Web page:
Here's the basic spec:
A program is an array of cells, each cell containing some code, and they are all connected to their neighbors in a grid lattice, with the connections being represented by pointers to queues (A can put data in B's queue and B can put data in A's queue, because A and B are neighbors in the grid). Syntactically, you separate cells in the same row by "|" and rows by newlines.
Each cell has four pieces of code (which may be blank, thus, NOPs), separated by ":", so a single cell has this structure:
<other cells>|<code response for message received from up>:<response for right>:<response for down>:<response for left>|<other cells>
Within each code block the following instructions can be used:
T<expr1><expr2> - Returns the value of expr1.value-expr2.value.
C<loc><expr> - Sends the value of expr to loc and returns the value of expr.
G<loc> - Returns the oldest message in the queue from loc. If no message from loc exists, block until a message arrives and intercept it.
A<expr><expr1><expr2> - Evaluate to expr1 if expr is 0, otherwise evaluate to expr2.
Fix'd. Thx guys!
Other characters will be ignored and may be used for comment and code clarification. "(",",", and ")" may be useful.
Each of the "<loc>" type arguments above can take a single character, which gives a reference to "up neighbor","right neighbor", "down neighbor", and "left neighbor" respectively, in this manner:
Code: Select all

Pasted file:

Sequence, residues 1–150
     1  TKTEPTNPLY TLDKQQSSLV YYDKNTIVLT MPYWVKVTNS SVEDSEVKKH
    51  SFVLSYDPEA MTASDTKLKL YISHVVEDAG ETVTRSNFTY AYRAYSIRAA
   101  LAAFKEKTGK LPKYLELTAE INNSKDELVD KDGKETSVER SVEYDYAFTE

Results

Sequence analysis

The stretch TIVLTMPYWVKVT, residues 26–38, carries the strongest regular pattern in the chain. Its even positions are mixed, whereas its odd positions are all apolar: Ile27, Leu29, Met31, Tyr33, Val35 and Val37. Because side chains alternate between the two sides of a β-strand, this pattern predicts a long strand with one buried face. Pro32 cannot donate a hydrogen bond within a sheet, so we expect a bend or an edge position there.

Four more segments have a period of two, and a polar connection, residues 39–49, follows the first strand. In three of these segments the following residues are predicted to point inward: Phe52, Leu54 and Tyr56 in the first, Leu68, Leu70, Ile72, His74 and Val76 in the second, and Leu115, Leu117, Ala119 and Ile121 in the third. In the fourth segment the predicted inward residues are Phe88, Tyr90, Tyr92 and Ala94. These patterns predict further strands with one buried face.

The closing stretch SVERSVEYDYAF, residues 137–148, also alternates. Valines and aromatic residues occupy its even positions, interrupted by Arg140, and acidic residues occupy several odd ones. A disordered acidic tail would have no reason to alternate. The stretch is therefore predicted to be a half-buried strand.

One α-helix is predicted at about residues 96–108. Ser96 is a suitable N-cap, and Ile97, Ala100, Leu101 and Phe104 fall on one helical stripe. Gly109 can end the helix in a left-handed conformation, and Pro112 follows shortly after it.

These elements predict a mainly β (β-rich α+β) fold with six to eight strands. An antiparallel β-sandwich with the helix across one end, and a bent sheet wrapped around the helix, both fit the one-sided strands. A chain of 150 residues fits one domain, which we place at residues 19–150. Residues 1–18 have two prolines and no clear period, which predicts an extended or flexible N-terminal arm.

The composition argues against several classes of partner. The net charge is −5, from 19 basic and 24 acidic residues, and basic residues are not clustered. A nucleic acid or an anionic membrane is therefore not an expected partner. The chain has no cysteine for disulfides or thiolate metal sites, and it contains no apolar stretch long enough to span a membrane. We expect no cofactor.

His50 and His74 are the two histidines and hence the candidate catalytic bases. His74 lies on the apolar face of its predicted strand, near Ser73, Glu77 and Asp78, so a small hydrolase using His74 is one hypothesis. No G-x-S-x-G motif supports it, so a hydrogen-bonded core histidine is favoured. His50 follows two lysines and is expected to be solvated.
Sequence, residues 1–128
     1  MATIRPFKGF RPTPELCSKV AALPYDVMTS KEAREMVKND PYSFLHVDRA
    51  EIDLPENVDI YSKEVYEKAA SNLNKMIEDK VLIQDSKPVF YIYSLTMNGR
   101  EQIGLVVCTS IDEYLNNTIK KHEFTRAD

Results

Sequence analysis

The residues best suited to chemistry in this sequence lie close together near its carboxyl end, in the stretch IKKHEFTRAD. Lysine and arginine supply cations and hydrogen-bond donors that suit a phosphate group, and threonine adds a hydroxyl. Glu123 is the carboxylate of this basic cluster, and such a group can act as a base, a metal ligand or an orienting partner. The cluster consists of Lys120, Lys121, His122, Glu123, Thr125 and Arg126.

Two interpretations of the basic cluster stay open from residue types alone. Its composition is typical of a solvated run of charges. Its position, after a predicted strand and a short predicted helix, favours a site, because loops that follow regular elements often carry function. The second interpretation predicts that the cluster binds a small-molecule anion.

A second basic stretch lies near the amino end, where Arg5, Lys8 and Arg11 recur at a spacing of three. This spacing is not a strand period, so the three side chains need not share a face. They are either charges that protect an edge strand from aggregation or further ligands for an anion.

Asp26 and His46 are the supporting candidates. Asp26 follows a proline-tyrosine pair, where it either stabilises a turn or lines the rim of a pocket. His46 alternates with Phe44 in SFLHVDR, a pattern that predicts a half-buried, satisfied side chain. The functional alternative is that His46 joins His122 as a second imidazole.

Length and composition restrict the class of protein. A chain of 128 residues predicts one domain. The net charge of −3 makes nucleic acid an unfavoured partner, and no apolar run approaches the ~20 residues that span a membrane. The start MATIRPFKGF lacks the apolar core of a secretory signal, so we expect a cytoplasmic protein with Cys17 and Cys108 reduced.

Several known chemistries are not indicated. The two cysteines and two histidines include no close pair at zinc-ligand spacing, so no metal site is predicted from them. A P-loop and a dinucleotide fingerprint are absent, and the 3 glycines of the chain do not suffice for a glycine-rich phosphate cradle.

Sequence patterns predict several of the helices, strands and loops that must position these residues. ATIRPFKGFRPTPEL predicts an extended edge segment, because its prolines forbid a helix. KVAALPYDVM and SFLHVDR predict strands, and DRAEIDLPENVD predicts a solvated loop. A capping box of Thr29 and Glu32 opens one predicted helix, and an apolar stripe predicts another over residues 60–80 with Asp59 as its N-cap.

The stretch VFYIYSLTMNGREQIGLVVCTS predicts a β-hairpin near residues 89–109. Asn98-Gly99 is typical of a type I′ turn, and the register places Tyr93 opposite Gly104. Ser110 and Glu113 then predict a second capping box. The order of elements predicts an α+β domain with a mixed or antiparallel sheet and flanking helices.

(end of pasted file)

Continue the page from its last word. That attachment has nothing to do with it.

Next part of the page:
The entire zeroth row is predefined with cells that always receive user input and send it to the cell below it.
The entire zeroth column is predefined to block waiting for messages from cells to their right, and output the data to standard out.
All cells left undefined are given the default cell code of:
That is, they consume any messages they are passed immediately and do nothing with them.
All messages sent between cells consist of a single byte.
Every program begins with an initialization string like so:
Program interpretation goes in this manner.
To begin, the init string is processed in order as if it were user input.
For the rest of the time:
All cells will execute code corresponding to messages it received in FCFS order. That is, if a cell has a message delivered to its queue from its right neighbor, it will execute its "code response for message from right." The only exception is if a cell is currently blocking waiting for a message, in which case it will ignore all messages until that message is received. If it is not blocked, it will greedily consume messages until it blocks again or runs out, whichever comes first. (As you can see, this would operate quite nicely on parallel processors.)
So, e.g., a program to add two numbers together might look like:
The second cell will subtract the second input "0" from the first input "0" for a result of zero, which it puts in the first cell's queue. The first cell will subtract "0" from "0" also, giving zero, and then proceed to block for user input, consecutively subtracting from zero the next two values input for a total of -sum. Finally, it subtracts this value from the value of zero it retrieved from the cell to the right earlier to give a result of 0-(-sum)=sum, which it sends to the left into column 0. As previously stated, this will cause sum to be printed to stdout.
So, for those of you who have read this far, what do you think? I think it's Turing-complete.
What things do you think would be nice to change? Would you consider writing code for it if an interpreter were available, just to challenge yourself? What if there were a GUI to edit cells graphically and watch the contents of queues as the program runs?